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J Mol Evol. 2009 Jun;68(6):603-15. doi: 10.1007/s00239-009-9224-7. Epub 2009 May 29.

On the brink of holoparasitism: plastome evolution in dwarf mistletoes (Arceuthobium, Viscaceae).

Author information

1
Department of Plant Biology, Southern Illinois University, Carbondale, IL 62901-6509, USA. nickrent@plant.siu.edu

Abstract

Chloroplast sequences spanning rps7 to 23S rDNA in Arceuthobium campylopodum and A. pendens were generated and compared to Arabidopsis and seven other parasitic plants. Pseudogenes for trnV, trnI (GAU), and trnA (UGC) were seen in both Arceuthobium species, paralleling the situation in the holoparasite Epifagus (Orobanchaceae). These tRNA genes were intact, however, in two other members of Santalales (Ximenia and Phoradendron). The 16S-23S rDNA intergenic spacer was sequenced for 13 additional species of Arceuthobium representing both Old and New World taxa. All species examined had pseudogenes for trnI and trnA, however, deletions in these tRNAs have occurred in different regions among various lineages of the genus. The aligned 16S-23S rDNA intergenic spacer was analyzed using maximum parsimony and compared with nuclear ITS rDNA using a similar suite of species. Overall species relationships were generally congruent, although two cases of potential lineage sorting or chloroplast capture were detected. Arceuthobium is a valuable genetic model to contrast with holoparasites because, despite significant alteration and truncation of its plastome, it still maintains photosynthetic function.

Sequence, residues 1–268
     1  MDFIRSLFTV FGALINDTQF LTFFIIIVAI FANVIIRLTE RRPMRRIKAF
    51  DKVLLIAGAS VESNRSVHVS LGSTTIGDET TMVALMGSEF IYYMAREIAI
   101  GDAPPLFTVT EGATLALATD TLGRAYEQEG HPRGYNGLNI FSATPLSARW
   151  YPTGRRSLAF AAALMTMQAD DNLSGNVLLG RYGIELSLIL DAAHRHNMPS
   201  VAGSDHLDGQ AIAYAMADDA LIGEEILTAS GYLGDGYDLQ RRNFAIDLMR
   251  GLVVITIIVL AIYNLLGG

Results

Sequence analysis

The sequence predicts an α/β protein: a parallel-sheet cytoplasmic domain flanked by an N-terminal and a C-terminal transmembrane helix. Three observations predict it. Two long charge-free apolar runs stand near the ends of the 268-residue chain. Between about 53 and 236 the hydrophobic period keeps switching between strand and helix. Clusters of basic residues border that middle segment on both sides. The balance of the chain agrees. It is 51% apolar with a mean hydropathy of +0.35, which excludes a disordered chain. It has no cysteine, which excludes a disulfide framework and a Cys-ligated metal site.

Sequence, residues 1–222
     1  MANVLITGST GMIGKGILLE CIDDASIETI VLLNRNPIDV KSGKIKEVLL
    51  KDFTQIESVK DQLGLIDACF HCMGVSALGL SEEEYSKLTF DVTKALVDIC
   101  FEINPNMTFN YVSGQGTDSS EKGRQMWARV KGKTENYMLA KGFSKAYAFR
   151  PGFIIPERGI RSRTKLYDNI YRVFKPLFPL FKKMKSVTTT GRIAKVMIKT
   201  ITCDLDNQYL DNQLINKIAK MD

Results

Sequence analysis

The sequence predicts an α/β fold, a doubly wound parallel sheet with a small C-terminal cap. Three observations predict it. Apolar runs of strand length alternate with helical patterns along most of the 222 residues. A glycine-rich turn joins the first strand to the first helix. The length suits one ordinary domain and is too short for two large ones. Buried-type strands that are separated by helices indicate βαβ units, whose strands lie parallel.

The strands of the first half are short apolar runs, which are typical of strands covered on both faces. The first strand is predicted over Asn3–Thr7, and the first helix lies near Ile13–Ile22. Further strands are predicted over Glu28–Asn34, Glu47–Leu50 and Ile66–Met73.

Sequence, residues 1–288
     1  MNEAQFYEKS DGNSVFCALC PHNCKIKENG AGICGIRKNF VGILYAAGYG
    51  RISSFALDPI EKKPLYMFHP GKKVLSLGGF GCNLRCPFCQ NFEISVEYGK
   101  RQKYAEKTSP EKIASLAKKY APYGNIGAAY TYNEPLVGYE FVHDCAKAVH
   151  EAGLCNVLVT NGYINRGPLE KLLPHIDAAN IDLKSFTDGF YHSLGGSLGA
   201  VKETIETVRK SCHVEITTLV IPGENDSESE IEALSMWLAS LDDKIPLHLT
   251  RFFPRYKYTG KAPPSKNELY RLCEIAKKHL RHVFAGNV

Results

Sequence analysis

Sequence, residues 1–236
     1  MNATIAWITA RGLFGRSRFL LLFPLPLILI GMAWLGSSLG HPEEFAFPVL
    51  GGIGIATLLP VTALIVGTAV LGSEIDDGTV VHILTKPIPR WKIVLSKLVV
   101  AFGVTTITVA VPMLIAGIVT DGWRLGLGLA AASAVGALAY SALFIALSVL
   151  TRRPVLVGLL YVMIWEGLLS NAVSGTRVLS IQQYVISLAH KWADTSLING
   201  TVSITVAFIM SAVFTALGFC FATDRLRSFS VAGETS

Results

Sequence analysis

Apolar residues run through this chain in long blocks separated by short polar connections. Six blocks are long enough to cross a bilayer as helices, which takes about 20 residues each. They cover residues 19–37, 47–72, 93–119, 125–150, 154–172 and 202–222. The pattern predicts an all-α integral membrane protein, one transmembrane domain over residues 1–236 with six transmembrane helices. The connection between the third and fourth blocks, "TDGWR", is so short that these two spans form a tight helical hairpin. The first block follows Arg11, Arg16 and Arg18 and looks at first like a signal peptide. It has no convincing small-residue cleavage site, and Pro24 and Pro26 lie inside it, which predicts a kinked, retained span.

PMID:
19479176
DOI:
10.1007/s00239-009-9224-7
[Indexed for MEDLINE]

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